In the sense of Platonic ontology , the doctrine of being or of beings as such, Timaeus distinguishes between two main types of entities . On the one hand there is the “always being” that has never arisen and is immortal and never changes, and on the other hand there is the “always becoming” that never “is” due to its incessant change, but only exists as a process. The two main genres correspond to two different types of perception by humans: the permanent, the eternal can be the object of real knowledge, on the other hand there are only assumptions and opinions about the changeable, because it is always subject to relativity and has no permanent, precise and reliably perceptible quality . Therefore, statements about processes can only apply to a limited extent. Something that is universally and time-independent valid, absolutely true, can only be said about beings. All objects of sensory perception belong to the "becoming". Being and thus recognizable in the actual sense are only pure rational contents .

The ontological order is hierarchical , it implies valuation: the eternal, always the same is objectively “better” than the created and changeable, it has a higher rank in the world order. It is also the reason that what has arisen exists. Everything that has arisen necessarily has a cause, that is, a producer, and a pattern according to which it was created. It is an image of the pattern. If the pattern is a really existing, eternal archetype - an " idea " in the sense of Plato's theory of ideas - then the image is inevitably successful and beautiful. If, on the other hand, an image is created according to an inferior pattern that is itself only an image of something else, it will not turn out so good. These general statements form the framework for Timaeus' epistemology and for his philosophical explanation of the world. The cosmos is perceptible to the senses, that is, it has "become" and belongs to what is becoming. Therefore, absolutely correct statements about its origin are in principle impossible. The model of the creation of the world - the cosmogony - of the Timaeus can thus, as he emphasized at the beginning, only be a "well reproducing myth" (eikṓs mýthos) , that is, an inevitably flawed but usable representation of reality. You have to be satisfied with that, striving for more is pointless.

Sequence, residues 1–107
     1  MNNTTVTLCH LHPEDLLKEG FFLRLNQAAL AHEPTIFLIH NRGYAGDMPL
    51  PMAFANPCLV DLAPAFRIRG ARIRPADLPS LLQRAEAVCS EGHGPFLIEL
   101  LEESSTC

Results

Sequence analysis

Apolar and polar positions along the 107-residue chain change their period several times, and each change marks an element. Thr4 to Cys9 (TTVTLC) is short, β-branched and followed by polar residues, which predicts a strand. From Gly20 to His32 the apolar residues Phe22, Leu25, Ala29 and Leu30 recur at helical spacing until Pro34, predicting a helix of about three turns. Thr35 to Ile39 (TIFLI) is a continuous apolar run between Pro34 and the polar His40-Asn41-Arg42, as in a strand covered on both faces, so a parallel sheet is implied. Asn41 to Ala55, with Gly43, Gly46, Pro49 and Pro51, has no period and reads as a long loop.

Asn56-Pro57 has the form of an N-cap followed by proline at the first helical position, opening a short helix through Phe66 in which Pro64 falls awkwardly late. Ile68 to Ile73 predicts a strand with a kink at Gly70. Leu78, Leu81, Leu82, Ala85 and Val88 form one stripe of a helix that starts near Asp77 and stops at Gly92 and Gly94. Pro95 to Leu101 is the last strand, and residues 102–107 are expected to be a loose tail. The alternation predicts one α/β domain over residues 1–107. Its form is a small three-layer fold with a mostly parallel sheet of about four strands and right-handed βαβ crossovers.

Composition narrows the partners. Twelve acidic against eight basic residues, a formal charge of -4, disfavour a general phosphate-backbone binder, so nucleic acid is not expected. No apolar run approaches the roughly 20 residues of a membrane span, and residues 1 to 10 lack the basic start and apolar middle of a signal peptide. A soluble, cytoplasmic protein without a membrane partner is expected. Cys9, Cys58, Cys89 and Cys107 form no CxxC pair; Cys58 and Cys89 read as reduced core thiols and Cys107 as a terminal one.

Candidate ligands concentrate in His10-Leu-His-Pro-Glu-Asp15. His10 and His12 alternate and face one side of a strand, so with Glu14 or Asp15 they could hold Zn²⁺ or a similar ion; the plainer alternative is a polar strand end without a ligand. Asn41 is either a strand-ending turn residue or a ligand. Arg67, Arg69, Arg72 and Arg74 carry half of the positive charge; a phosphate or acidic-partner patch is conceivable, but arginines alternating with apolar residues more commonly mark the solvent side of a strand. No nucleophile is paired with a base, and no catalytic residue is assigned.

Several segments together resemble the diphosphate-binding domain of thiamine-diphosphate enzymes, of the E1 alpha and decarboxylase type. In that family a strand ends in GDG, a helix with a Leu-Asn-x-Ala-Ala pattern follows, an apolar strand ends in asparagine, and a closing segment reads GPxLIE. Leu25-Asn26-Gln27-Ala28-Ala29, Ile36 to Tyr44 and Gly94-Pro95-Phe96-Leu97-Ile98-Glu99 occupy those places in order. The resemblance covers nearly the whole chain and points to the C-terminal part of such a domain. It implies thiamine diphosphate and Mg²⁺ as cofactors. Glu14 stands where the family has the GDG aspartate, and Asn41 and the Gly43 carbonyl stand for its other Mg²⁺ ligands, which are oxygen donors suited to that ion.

After all, based on these considerations, a statement can already be made about the cosmos: It is obvious that it is extraordinarily beautiful and that it must be an image as something that has become. From this it follows that he has a producer who created him according to a pattern, and that only something existing and eternal can be considered as his archetype.